Cisco Performance Routing isn’t your grandfather’s routing. Cisco Performance routing (PfR for short) considers a particular path’s traffic characteristics when determining the best path for the conversation. Imagine being able to use actual delay, packet loss, MOS, jitter and more to give your router a better idea of the traffic conditions. With that data it can make a smart decision on how to route the conversation traffic. Add to that the ability to report on this with something simple like Netflow and you have solution that sounds to good to be true. Well, it isn’t!

Last summer our Product Manager and Samuel Yee explained why the introduction of  Cisco Performance Routing (PfR) and our Performance Routing Netflow Reports were important.  To recap, the goal of any network administrator is to get the most out of their network’s available bandwidth and/or the best possible performance for your applications across the network. The benefit of using PfR is that it provides intelligent routing that can correct traffic issues by adjusting the route that traffic takes when performance degrades beyond defined thresholds. PfR can do this in two different ways:

1. Passive monitoring – Learns your traffic and then creates a class on it’s characteristics. Each traffic class has a policy that it is measured by to determine it’s quality. Passive monitoring measures performance of traffic that is traversing the router.

2. Active monitoring – You can configure PfR to actively send different types of traffic across a link and make routing decisions based on the performance results. It uses synthetic traffic in order to insure performance at all times. This is especially helpful if certain types of traffic are sporadic.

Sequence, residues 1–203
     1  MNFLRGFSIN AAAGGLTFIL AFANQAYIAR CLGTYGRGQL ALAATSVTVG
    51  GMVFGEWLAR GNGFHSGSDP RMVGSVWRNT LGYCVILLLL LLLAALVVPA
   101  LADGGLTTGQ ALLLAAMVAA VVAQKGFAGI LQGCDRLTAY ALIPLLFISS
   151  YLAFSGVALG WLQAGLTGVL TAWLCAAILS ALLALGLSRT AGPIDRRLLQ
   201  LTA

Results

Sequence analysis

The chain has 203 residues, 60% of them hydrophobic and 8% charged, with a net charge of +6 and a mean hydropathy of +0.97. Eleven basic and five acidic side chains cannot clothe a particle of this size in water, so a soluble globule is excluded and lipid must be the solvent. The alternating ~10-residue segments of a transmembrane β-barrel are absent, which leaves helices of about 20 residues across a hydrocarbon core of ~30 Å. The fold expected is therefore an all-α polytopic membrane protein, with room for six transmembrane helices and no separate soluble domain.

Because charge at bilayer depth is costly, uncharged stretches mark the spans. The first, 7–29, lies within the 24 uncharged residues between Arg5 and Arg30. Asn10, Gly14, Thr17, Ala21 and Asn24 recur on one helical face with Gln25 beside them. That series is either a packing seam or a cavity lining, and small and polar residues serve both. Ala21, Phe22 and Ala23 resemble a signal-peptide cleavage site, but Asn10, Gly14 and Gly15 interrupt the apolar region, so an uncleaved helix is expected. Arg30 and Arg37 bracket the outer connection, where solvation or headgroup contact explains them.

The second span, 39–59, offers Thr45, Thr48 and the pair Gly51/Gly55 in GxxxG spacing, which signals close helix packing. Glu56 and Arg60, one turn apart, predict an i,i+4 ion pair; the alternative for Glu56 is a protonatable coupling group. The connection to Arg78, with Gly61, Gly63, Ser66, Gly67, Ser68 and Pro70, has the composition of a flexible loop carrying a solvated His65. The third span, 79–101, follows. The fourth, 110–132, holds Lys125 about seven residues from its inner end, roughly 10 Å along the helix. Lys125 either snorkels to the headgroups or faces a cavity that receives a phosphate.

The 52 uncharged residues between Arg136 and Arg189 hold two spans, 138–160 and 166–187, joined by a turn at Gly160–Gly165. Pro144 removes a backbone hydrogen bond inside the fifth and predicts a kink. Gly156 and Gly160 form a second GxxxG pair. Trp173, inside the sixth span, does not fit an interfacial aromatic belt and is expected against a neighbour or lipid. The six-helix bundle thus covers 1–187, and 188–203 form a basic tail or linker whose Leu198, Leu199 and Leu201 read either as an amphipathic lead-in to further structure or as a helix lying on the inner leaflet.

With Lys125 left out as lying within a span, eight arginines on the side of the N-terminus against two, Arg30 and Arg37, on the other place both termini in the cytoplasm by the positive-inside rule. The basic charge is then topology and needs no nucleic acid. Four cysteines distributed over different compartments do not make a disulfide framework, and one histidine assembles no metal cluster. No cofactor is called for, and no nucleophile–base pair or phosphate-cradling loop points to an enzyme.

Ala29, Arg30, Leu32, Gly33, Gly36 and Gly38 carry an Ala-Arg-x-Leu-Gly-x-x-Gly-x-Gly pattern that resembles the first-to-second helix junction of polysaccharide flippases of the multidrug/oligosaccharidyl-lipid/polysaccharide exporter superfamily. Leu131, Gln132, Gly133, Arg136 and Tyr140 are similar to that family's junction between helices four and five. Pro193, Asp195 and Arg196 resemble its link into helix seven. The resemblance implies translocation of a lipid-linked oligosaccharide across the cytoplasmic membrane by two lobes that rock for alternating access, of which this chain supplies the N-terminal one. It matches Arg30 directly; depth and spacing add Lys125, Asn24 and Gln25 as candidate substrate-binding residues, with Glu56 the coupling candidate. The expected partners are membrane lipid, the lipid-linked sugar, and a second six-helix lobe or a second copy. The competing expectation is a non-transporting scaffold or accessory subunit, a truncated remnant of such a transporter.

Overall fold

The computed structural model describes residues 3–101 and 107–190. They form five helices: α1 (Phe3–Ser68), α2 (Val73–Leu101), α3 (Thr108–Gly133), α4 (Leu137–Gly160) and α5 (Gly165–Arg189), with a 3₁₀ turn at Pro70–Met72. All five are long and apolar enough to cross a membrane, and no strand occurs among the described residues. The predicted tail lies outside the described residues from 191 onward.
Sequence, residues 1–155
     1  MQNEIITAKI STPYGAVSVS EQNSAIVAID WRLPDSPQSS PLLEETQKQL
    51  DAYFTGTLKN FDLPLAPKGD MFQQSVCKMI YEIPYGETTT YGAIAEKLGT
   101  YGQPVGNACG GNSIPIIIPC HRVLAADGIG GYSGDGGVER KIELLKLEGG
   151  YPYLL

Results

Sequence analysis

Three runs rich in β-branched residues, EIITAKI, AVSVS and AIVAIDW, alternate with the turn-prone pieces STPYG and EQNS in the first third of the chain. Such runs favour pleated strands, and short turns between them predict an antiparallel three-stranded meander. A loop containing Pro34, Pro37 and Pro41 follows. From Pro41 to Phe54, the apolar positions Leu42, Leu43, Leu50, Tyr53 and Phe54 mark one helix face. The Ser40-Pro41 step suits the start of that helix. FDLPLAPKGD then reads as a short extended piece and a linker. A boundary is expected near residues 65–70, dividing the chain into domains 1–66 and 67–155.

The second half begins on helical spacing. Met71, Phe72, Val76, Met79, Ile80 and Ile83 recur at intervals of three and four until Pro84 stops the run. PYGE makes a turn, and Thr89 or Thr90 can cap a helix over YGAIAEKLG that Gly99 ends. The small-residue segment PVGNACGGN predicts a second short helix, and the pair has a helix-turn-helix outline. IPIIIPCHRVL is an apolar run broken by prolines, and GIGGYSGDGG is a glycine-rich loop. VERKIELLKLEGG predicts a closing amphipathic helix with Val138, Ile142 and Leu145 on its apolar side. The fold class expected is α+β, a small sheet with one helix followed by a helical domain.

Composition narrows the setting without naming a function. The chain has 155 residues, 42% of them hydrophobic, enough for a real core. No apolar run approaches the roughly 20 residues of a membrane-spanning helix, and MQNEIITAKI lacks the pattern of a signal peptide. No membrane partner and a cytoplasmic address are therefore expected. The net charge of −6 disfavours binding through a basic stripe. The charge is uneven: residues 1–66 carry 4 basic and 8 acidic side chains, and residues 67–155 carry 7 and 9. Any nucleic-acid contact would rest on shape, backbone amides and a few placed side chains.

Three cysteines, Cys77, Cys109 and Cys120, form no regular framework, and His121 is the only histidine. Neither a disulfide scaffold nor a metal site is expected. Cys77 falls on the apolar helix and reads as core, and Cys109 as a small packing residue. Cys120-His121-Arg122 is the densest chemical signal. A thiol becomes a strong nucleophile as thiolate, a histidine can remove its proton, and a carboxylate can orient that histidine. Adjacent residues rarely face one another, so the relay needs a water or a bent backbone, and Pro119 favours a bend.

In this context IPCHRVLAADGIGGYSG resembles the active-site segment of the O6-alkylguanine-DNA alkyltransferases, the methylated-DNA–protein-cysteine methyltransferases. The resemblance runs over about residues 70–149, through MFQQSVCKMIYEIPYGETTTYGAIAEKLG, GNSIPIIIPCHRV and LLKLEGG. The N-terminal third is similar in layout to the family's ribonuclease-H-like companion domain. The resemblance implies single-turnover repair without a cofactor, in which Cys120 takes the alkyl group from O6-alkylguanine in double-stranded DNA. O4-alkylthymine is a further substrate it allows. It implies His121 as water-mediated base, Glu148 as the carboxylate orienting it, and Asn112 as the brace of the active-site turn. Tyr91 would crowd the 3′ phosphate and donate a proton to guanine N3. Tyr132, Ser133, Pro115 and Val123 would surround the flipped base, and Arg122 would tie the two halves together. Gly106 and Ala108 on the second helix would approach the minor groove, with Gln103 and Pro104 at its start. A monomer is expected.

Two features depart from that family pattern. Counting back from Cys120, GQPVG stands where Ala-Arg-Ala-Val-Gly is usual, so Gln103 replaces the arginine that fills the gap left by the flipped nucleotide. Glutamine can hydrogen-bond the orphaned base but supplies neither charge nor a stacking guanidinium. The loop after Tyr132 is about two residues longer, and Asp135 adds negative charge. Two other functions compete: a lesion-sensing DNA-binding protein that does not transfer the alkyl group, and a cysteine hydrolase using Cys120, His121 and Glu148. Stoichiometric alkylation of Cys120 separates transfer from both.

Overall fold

Policies can be issued per class or applied globally which allows you to make things as general or specific as you need them to be. The cool thing is, PfR policies use various metrics to determine the quality of the path. If the class does not meet the conditions of the policy it will generate an Out Of Policy flag and then action is taken (rerouting or another action). For more information make sure that you check out the Cisco Wiki which has a great PfR Overview

This is all great but, how do you report on this? Good question and I had one of my French evaluators ask the same the one! The good news is that every record that is generated by PfR can be recorded by Netflow and sent to a Netflow reporting tool like Scrutinizer. In this case the evaluator wanted to know if Scrutinizer could report on “flapping” and the answer was “yes”!

“Flapping” is intermittent reachability of an IP. PfR will test the connection both actively and passively to get it’s state. If PfR determines that a link is down it will generate an OOP or Our of Order Policy record. In Scrutinizer, if you see a constant OOP: Timer Expired over a given time then there is a possibility that the interface is flapping.

Here is how you can see this

Step 1: Click on the Status Tab    and then “All Device Trends”
Scrutinizer All Device Trends

Step 2: Click on PfR Out of Policy

Step 3: Here you look for OOP:Delay

PfR Scrutinizer

Step 4: Add a PfR Traffic Class filter and enter in the Border Routers IP and the Traffic Class ID.

Cisco PfR Traffic Class Filter

To find the Traffic Class ID just hover over the word OOP:Delay

Cisco PfR Trafic Class ID

Now you are able to see all of the delay violations for that traffic class.

Cisco PfR Report in Scrutinizer

If you are seeing multiple entries along with the up and down lines in the graph there is a good chance the interface is flapping.  You then easily change the report type by clicking on the IP address of the border router and get the “what”, “where” and “who” of the traffic that as associated with this OOP. On top of that you can use our Cisco Advanced Reporting module to get Performance Monitoring data. If you have any questions or want to see PfR reporting become part of your network traffic analysis solution make sure to give us a call at 207 324 8805.

James Dougherty

I have worn many hats in my professional life. Support engineer, developer, network admin and manager are all points on my resume, but the one common thread with all of these jobs is that I enjoy working with people; that is what I do here at Plixer. I make sure that everyone understands our product and can get the most out of it. It's just simple 'no bull' support!

Let me know if you have any questions, I would be happy to help.

- Jimmy D

Related

2 comments on “Cisco Performance Routing Netflow Reports

Comments are closed.